Seeing radiation with your own eyes is incredible. It wows everyone who sees it, and is a perfect ‘hook’ to bring people over to your nuclear education table. “Hey, you guys want to see some radiation?”
I’ve used a normal dry ice cooled cloud chamber many times in science demos at corporate family nights, at demo tables at the Pacific Science Center, at schools, and so on for many years. You can still find dry ice at a number of grocery stores, but it seems to be getting more difficult. Plus, the dry ice runs out after a few hours, and you have to get more. I’ve heard of people using thermoelectric cooler (TEC) pads for this and thought I should try it out.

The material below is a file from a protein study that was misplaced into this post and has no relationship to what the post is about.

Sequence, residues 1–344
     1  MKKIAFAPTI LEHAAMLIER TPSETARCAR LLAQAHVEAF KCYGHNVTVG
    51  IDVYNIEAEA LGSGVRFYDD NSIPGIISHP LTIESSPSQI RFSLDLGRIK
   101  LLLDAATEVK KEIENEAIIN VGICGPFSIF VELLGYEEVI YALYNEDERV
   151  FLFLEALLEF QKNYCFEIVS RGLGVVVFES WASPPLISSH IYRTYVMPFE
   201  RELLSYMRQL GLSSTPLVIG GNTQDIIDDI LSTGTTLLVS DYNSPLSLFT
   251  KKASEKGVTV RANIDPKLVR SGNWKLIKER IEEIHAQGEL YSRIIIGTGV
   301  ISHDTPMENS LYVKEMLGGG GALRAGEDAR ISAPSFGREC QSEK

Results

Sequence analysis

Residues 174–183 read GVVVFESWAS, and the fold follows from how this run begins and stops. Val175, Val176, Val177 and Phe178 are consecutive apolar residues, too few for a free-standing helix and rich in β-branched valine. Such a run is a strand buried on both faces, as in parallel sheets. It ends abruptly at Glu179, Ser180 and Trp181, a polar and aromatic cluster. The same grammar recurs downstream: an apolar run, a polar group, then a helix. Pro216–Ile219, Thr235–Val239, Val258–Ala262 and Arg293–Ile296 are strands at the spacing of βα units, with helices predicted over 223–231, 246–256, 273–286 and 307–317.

I’ll be honest, I bought lots of TECs of various sizes and combinations before finding a combo that worked for me.
I used a 500 Watt computer power supply for this, since they can provide quite a bit of current at 12V, 5V, and 3.3V. I spent some time attaching Anderson power pole connectors to it for convenience during experimentation.
After struggling to get temperatures down for so long, I decided to just go straight to direct once-through water cooling until I got it all working. I got an aluminum water block, some tubing, and some faucet connectors, so I could just run it right out of a normal household faucet.
Once-through water cooling isn’t ideal for portability, since you have to be near a water supply and drain. I will try to find a big enough air radiator to get this to work without a direct water connection later.
It took a lot of experimenting to get the thing cold enough. First I tried a CPU cooling radiator. This got me to the right temperatures if I went outside with a stack of three TECs but was hard to reproduce.
There are a number of good builds out there that were very helpful.